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Past Lives

Directed by Celine Song (2023)

Reviewed by Z.K. Abraham

Past Lives is the first feature film by playwright-turned-writer/director Celine Song; a tender, vibrant film based on experiences from Song’s own life. 

The film spans twenty years as two childhood sweethearts, Nora (Greta Lee) and Hae Sung (Teo Yoo), are separated by Nora’s sudden emigration from Korea to Canada with her family at the age of twelve (and later, America). Nora and Hae Sung reunite twenty years later. Nora is a successful playwright now married to another writer, a white American named Arthur (John Magano). When Hae Sung visits NYC for two days, they spend this precious time together catching up, reminiscing, and regretting.

The core of Past Lives is the layered longing that exists between Nora and Hae Sung. This longing is referred to in the film as In-Yun, a Korean word for that ineffable tie between souls. Nora is loved and understood by her husband Arthur, yet she has this enduring, elemental love with Hae Sung that is wrapped up with lost childhood innocence and an imagined other self who stayed in Korea. Multiple truths and multiple selves are conveyed in delicate, balanced conversations between them. Naturalistic dialogue hints at years of unspoken emotion, much like the gentle, conversational flow of Richard Linklater’s Before trilogy. 

The three quiet yet potent central performances evoke jealousy, fear, love, and vulnerability. Magano, as Arthur, manages to express a loose and affectionate ease, which overlays an emerging sadness as he realizes parts of his wife’s inner world are inaccessible to him. Lee captures a bright confidence and a defended vulnerability. 

Song’s direction reveals the crucial differences in physical interaction across cultures. Yoo keeps his arms close to his sides and uses softer expressions, indicating a Korean reserve but also a boyish hesitancy. Nora and Arthur’s casual embraces contrast with the physical gap that remains between her and Hae Sung. As in Ryusuke Hamaguchi’s Drive My Car, the camera often focuses on two people in a frame, their restrained interactions containing a vast complexity of feeling.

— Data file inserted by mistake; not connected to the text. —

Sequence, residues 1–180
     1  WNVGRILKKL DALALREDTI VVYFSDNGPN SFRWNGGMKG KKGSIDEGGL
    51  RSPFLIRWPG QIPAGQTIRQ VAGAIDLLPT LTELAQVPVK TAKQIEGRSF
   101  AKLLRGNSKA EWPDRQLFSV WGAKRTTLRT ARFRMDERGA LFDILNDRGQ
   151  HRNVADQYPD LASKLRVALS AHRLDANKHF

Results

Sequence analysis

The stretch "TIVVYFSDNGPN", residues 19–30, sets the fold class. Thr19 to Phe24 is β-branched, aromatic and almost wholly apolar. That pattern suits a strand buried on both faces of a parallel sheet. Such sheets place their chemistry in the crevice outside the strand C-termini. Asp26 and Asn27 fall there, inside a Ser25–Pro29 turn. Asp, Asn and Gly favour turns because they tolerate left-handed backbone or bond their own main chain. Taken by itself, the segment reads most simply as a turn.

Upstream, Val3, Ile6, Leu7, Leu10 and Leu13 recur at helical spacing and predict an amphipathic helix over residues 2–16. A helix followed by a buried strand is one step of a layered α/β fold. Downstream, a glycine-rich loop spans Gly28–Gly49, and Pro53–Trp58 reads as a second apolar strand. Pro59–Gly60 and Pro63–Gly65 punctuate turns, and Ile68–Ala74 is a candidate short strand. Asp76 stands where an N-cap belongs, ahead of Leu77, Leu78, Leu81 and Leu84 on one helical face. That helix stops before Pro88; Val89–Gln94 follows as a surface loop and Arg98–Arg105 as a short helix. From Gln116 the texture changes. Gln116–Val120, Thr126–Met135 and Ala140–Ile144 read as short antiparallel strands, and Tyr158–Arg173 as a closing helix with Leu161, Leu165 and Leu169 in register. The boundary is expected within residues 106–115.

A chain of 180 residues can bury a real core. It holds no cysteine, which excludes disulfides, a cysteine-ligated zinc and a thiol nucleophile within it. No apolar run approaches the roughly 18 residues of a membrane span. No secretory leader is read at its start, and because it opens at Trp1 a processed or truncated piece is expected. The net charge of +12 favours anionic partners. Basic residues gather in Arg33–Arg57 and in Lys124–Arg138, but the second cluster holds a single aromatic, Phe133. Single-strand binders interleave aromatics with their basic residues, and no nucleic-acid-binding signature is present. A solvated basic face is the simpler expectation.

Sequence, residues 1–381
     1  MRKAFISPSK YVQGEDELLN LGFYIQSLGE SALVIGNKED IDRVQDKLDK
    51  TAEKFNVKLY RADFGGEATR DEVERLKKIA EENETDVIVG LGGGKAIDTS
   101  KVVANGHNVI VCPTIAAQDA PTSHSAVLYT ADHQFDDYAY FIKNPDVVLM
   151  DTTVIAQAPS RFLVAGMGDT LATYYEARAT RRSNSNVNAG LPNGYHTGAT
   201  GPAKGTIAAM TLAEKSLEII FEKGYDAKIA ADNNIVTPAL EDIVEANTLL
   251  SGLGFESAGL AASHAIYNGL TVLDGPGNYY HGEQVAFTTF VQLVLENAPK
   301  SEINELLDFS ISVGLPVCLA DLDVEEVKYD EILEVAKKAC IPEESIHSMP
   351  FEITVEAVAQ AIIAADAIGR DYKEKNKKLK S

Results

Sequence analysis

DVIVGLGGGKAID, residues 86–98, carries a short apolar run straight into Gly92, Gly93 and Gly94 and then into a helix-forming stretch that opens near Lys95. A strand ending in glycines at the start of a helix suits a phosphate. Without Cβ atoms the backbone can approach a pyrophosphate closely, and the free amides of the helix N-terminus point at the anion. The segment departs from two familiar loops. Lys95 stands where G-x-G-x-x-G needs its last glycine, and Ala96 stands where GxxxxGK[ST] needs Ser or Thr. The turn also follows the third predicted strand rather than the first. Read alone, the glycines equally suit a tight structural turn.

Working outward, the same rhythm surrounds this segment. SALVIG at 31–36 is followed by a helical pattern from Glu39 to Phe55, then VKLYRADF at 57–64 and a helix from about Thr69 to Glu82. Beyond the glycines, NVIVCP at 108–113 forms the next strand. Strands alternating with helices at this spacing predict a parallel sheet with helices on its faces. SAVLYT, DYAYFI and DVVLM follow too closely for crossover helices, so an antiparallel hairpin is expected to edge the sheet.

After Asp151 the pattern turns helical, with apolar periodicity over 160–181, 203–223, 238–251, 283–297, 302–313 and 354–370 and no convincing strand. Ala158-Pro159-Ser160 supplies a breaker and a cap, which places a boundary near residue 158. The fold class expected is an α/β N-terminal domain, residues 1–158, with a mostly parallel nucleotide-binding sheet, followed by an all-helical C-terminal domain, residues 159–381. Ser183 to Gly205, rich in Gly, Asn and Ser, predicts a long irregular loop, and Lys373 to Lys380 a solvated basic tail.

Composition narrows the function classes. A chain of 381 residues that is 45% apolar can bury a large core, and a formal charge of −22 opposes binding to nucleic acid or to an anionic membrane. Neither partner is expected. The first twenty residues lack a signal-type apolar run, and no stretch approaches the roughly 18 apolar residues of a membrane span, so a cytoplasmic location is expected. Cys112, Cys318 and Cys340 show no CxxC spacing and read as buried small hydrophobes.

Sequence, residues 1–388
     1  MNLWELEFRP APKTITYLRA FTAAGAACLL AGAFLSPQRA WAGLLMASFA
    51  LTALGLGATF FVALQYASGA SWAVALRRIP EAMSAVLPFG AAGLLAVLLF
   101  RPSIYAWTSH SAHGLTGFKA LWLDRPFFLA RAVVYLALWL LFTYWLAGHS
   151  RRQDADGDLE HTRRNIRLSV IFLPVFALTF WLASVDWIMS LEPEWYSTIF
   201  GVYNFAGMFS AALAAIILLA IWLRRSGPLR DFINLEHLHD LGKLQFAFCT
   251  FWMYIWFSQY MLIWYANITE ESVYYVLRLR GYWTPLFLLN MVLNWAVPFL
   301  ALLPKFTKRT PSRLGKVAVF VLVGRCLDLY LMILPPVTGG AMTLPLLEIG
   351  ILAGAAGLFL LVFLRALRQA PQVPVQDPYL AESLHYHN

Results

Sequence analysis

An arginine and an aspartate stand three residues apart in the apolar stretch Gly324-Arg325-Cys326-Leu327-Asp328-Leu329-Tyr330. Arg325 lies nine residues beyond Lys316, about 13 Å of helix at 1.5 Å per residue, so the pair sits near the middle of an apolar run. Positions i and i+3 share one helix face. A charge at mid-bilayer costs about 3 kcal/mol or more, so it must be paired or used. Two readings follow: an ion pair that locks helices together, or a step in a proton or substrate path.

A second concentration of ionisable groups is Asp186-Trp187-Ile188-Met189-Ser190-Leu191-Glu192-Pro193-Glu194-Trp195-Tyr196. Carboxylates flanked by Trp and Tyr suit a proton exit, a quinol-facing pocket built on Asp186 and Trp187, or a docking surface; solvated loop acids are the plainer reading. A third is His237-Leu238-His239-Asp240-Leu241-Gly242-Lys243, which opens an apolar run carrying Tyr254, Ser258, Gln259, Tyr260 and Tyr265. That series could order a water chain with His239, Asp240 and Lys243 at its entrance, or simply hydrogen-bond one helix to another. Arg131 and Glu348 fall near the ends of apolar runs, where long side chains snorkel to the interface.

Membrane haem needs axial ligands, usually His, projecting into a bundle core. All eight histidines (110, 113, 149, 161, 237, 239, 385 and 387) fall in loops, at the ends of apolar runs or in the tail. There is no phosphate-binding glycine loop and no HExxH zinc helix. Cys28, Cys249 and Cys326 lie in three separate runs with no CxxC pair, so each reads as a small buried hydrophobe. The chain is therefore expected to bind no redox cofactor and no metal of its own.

Pavements and roads in Korea and then in New York City serve as metaphorical paths for the characters. As children, Nora and Hae Sung part along separate forks in the road. In NYC, their final, late-night walk together is down one shadowy sidewalk, ending in a pained embrace.

The cinematography by Small Axe’s Shabier Kirchner has a gentle, hovering quality. The camera often has a full view of the characters’ bodies, showing how they lean towards each other or hover just out of reach. Close-ups focus on character’s expressions during intimate moments of exchange. The camera is observing, steady, anticipating. Shot on 35mm film, the imagery feels tangible, crisp, and detailed. A colour palette in blues and browns reflects the wistful, melancholy tone of the film. When the palette switches to red, during the crucial bar scene when Nora and Hae Sung unfold and decipher their feelings for each other, we are aware of a shift in tone. They speak in soft, warm Korean, while Arthur sits uncomfortably close at the edge of the frame, excluded and unable to understand what they are saying. The present and past butt up against each other. There is a sense of late-night confession and disinhibition. The camera frame expands to include Arthur, then contracts to close him out. Ambient noise ebbs and flows away, increasing the sense of the precarious intimacy between Nora and Hae Sung in the bar; while this longing is finally verbalized in the car scene, in other scenes throughout the film, the unadorned soundtrack of rounded piano and melodious, indie electronica enhances the unspoken longing and confusion between all three characters.

Ultimately, Celine Song’s Past Lives is a compelling, focused, and complex film about our contradictory longings and the possibilities we leave behind when we grow into ourselves.